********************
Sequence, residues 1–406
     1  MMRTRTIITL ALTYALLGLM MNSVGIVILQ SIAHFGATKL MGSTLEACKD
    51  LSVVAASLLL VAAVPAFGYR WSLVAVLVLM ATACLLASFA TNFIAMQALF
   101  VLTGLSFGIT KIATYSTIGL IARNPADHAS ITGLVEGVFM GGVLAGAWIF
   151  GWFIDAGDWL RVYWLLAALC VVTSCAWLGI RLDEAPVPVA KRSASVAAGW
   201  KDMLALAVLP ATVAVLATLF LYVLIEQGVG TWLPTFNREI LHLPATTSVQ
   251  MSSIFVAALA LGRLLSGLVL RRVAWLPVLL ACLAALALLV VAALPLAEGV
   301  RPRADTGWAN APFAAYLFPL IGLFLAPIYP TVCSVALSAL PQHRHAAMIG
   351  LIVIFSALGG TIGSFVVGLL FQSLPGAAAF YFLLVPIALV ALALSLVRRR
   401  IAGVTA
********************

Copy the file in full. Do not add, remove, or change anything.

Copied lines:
Sequence, residues 1–406
     1  MMRTRTIITL ALTYALLGLM MNSVGIVILQ SIAHFGATKL MGSTLEACKD
    51  LSVVAASLLL VAAVPAFGYR WSLVAVLVLM ATACLLASFA TNFIAMQALF
   101  VLTGLSFGIT KIATYSTIGL IARNPADHAS ITGLVEGVFM GGVLAGAWIF
   151  GWFIDAGDWL RVYWLLAALC VVTSCAWLGI RLDEAPVPVA KRSASVAAGW
   201  KDMLALAVLP ATVAVLATLF LYVLIEQGVG TWLPTFNREI LHLPATTSVQ
   251  MSSIFVAALA LGRLLSGLVL RRVAWLPVLL ACLAALALLV VAALPLAEGV
   301  RPRADTGWAN APFAAYLFPL IGLFLAPIYP TVCSVALSAL PQHRHAAMIG
   351  LIVIFSALGG TIGSFVVGLL FQSLPGAAAF YFLLVPIALV ALALSLVRRR
   401  IAGVTA